Gormenghast on the river Anhk…

One of my favourite series of books, written it is no coincidence by the late great Terry Pratchett, are the Discworld novels, in particular, the novels that centre around perhaps his greatest creation, the city of Anhk-Morpork. Not least this is because the city of Ankh-Morpork itself is as much a character in his novels as the likes of Sam Vimes, Granny Weatherwax, Death, Susan, Nobby Nobbs and all the rest. It is a city that sits like a spider at the centre of a web, feasting on all. A city of a million souls, and probably a couple of million people… A city I know as well, or perhaps even better, than any city in the real world I have ever trod around. From The Shades, to the Patricians place, to the mended drum, the street of Small Gods, to the low doorways of Short Street. It is a city that has seeped into my DNA, I could read about it endlessly, and have.

On the other side of the literary coin are the gothic towers and sprawling mass of Melvin Peakes the castle and inhabitants of Gormenghast. A series of novels which I have always wanted to love, and have tried to read on more than one occasion. My old battered omnibus edition of all three novels has been picked up and started so many times it almost took up permanent residence upon my bedside table in the ’90s because it was a series I should love. It has everything I could want, everything Anhk-Morpork has, a gothic setting full of characters and ideas that are grotesque, strange and more than a little rum and uncanny. As I say, I have always wanted to love them… Yet somehow, I never do. It has a lot to do with Peakes overly literary style, perhaps because I was raised on pulp fictions and to a degree because a three-page descriptive passage about a single cobweb leaves me cold… Indeed it could be said, with a great deal of truth, that I love everything about Gormenghast but the novels themselves…

So there you have it, two sides of a literary coin, both much-praised works of inventive genius. Yet my personal take on them could not be more different. Regardless of this, it is the places that leave the strongest impression. For all Pratchett wonderful characters, it is the stage of the great city of the So-lat plains that makes them live in the imagination. Just as the dusty looming towers and broken battlements of Gormenghast transcend the unfortunate fact that Peake’s style leaves me cold. I love a good setting, the strangeness and wonder of these places. I only wish Peake’s style was less arid, and unwieldy, a little closer to Pratchett’s perhaps, or at least less Peake… I want to explore the setting, I just want to enjoy doing so at the same time. Which brings me, in my own round-about and occasionally, languid way to another strange and wonderful gothic monstrosity of a city Craig Hallam’s Greaveburn, a city with much in common with both Anhk-Morpork and Gormenghast. A city populated by those same grotesque, strange, rum and uncanny characters you get in both.

graveburn

Greaveburn, like Peake’s Gormenghast, is a world onto itself. An isolated gothic landscape where the richest and poorest lead very different lives, and everyone else sinks somewhere in the middle. There are murders and macabre goings-on from the highest to the low and events all conspire so they become entwined. Every character, be they a minor role of a major player is realised in intricate detail. All with shades of grey, some quite lightly, other with dark shadows on their soul than others. The heroes have shades of villain about them, while some villains have the odd moment of heroism. All human life is here, realised with all its flaws, against a backdrop with a character all of its own. It is very Gormenghast, and not a little Anhk-Morepork, but while the setting and the characters lend much of the former, the writing leans more to the latter. This is Gormenghast without the dry relentless descriptions of cobweb strewn corridors that go on longer than it would take to dust those same corridors.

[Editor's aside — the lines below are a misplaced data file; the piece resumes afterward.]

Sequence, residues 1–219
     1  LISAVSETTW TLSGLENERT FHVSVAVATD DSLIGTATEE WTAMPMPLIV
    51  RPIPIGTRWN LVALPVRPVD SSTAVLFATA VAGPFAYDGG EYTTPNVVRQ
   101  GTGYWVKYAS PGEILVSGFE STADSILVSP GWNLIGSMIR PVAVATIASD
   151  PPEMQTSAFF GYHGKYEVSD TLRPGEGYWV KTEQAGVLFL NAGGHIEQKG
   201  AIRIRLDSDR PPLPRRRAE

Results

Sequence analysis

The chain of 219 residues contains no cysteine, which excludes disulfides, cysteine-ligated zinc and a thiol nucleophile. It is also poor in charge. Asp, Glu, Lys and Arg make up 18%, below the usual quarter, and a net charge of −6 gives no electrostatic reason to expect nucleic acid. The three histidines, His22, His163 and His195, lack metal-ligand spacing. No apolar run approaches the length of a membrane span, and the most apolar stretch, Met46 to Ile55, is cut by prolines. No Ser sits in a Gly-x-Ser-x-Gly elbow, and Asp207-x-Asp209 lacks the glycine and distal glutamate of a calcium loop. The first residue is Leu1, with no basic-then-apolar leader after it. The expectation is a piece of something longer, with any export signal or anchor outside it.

Greaveburn reads like the city and its inhabitance are alive, rather than some shambling undead parody of life. The characters live and breath on the pages, be they villains or heroes, or those endless shades in-between. It is strange, but it is beautifully strange. It’s grim but gorgeously so. It’s dark, but there is light enough for the shadows to dance in narrow alleyways and secretive snickets. Not everyone gets what they want, not everyone gets what they deserve, but what the reader gets is what they need. A world to sink into, feel in your bones and dwell in the dark corners of your mind. A world that leaves you with many questions, but that is also as it should be because this is a story of a city, and no city tells all its secrets. It leaves you wanting more but isn’t that exactly what it should do.

In case your wondering. Just on the off chance, you’ve not picked up on it, I’ve told you very little, save that I could wonder these streets again and again because I think you should visit the city yourself, dear reader. I can promise you won’t regret it… Well, you might, but only if you lack a readers soul and a love of the shadows in the dark…

Have a read yourself…

 

notes.

I have reviewed some of Criags Hallam’s other books, you can find those reviews by clicking on the links in the Indieomacon here…

Craig is also one of the writers in both of the current Harvey Duckman Volumes, like myself you can find out about them here…   

This entry was posted in amreading, book reviews, books, Canadian steampunk, fiction, goodreads, Goth, horror, humour, indie, indie novels, IndieApril, indiewriter, insomnia, Lovecraft, mythos, Nyarlathotep, Passing Place, pointless things of wonderfulness, reads, rites, sci-fi, steampunk, supernatural and tagged , , , , , , , , , , , . Bookmark the permalink.

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